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YF&R: Winemaker advocates for agriculture in urban county

Issue Date: April 7, 2021
By Kevin Hecteman
Alysha Stehly serves as winemaker for the winery she and her husband founded, as well as for a label started by her parents. She also takes an active role in promoting locally grown food in San Diego County.

Being active in agriculture comes naturally to Alysha Stehly.

She grew up in a farming family and is a Young Farmers and Ranchers Discussion Meet veteran who makes wine with her husband and for her parents' label. She also helps promote San Diego County agriculture through various community initiatives and Farm Bureau, including serving on the San Diego County Farm Bureau Board of Directors and chairing the county YF&R committee.

Stehly's work was recognized with the Excellence in Agriculture Award at the102nd California Farm Bureau Annual Meeting. The award is presented to a Young Farmers and Ranchers member who contributes through involvement in agriculture, leadership and Farm Bureau.

Stehly's vino venture began when she was deciding on a collegiate major.

"When I was looking to go to college, I was trying to figure out what I wanted to do," she said. "I loved art and I love science and I love agriculture."

The search led her to enology.

"'This winemaking thing looks cool—it covers all the bases,'" she remembers thinking. "I absolutely fell in love with it."

Stehly attended the University of California, Davis, which she chose for two reasons: "partially the winemaking program and partially just being a small-town kid going to a college," she said. "The college town of Davis just really appealed to me, and the agricultural roots and history of Davis."

After graduating, she worked one harvest in Sonoma County, then headed home to Valley Center. Her then-boyfriend, now husband, Chris Broomell, was starting a winery for his family, "and we started making a couple barrels of wine for ourselves," she said. "That's how we started Vesper, which is our winery."

Then her father, Al—a San Diego County farmer and California Farm Bureau board member—decided to plant a vineyard of his own and asked his daughter to make some wine for him.

"That was the start of Stehleon, which is my dad's wine label," Alysha Stehly said. "I'm the winemaker for that."

Being a winemaker brings Stehly into contact with wine lovers, something she enjoys.

"It's fun to see the customers enjoy our final product," she said. "Growing up in a citrus and avocado family, we always just sent the fruit off to a packinghouse. You never met the end consumer. With winemaking, we're standing there pouring it for them. It's fun to see people actually enjoy the fruits of our labor."

Stehly jumped into the Discussion Meet while serving on the state YF&R committee.

"I've grown up going to Annual Meetings since I was like 7 years old," she said. "It wasn't anything new to me."

That led to appearances in the state finals at the 2018 and 2019 Annual Meetings.

"I really enjoyed being part of Discussion Meet every year and seeing the different perspectives that we all brought to the table on the different issues," Stehly said.

The Excellence in Agriculture Award holds a lot of meaning for her.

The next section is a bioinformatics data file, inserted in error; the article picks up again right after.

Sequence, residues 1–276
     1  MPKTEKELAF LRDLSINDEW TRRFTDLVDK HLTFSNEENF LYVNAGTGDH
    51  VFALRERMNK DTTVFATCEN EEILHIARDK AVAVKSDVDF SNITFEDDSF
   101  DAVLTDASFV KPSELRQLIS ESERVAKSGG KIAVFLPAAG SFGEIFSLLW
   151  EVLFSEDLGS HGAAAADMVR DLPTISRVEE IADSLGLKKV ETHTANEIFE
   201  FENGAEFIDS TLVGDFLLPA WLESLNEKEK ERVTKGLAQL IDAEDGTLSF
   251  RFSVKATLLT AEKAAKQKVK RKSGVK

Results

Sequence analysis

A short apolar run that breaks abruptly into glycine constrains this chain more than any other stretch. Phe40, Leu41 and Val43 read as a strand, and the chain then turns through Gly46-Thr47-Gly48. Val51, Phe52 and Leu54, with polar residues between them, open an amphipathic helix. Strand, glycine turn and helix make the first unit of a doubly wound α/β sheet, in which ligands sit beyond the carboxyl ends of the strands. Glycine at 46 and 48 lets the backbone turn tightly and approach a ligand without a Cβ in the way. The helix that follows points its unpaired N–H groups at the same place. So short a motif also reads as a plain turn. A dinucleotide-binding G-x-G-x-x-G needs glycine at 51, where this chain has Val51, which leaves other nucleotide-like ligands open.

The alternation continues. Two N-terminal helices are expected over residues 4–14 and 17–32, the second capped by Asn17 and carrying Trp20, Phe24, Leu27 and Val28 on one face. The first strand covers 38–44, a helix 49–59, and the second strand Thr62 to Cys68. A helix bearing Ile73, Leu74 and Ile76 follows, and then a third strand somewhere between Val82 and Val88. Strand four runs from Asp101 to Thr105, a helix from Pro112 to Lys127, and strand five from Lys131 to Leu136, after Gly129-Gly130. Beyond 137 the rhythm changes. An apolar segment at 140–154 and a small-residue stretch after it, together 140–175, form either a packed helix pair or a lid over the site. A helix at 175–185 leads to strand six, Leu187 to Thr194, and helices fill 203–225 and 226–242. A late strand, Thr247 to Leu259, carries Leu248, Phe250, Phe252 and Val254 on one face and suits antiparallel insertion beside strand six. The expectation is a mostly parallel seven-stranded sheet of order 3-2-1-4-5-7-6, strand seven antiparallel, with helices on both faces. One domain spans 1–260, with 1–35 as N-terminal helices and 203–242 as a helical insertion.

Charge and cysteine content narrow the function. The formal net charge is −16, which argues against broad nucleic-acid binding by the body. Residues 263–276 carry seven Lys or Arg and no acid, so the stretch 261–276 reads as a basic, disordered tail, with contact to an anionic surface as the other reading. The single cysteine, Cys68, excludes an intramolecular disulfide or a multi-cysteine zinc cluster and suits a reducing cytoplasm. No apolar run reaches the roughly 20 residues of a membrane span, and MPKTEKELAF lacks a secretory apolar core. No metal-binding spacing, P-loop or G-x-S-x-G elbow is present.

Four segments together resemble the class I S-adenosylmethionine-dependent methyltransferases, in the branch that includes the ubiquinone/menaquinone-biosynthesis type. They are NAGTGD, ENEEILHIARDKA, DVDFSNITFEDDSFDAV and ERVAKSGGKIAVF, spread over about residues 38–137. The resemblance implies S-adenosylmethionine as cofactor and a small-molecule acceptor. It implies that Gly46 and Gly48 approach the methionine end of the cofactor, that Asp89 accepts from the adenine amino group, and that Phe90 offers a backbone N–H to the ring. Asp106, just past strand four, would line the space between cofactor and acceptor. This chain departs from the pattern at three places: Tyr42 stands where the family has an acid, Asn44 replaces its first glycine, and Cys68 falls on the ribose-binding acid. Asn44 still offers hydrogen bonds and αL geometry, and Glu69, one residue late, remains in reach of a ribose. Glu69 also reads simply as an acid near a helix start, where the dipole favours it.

"It's an honor to be recognized," she said. "A lot of us who are involved in YF&R are involved because we enjoy agriculture and sharing our story, and supporting agriculture. My way, in our very urban county, of supporting agriculture and sharing our story is I'm involved in the local food community."

In pre-pandemic times, she said, that involvement took many forms: "farm-to-table dinners and events and school gardens," she said.

"We've created this community with some friends of mine," Stehly said. "A few phone calls and a few texts, and we fill half a ballroom with farmers who are paired with some of the best chefs in Southern California, and they get the best produce. They're working directly with the farmer."

People who show up are often surprised to find out about the agricultural bounty in their own backyard, she added, noting that such events are about "finding new ways to open people's eyes to the agricultural community here and get them thinking about where their food comes from."

With the pandemic, she said, she's been sticking close to home—she and Chris have a son, Cole, and another child on the way—but she has been providing wine for a friend who launched a series of online videos.

"There's been a lot of networking going on because of the whole shift of the food distribution and produce distribution and where it goes—everybody just checking in on each other and making connections where we can and helping each other out where we can," Stehly said.

She and her friends, she added, operate on a "pay it forward" basis.

"Sometimes you're the one supplying and sometimes you're the one receiving, but it's always just very communal, because we're all in it for the same reason—to support each other and support local ag and food," Stehly said.

"We just do a lot, being such an urban-interfaced county with small farms," she said. "We do what we can to remind people that we have agriculture in our backyard here and to support it in whatever way we all can."

(Kevin Hecteman is an assistant editor of Ag Alert. He can be reached at

Permission for use is granted, however, credit must be made to the California Farm Bureau Federation when reprinting this item.

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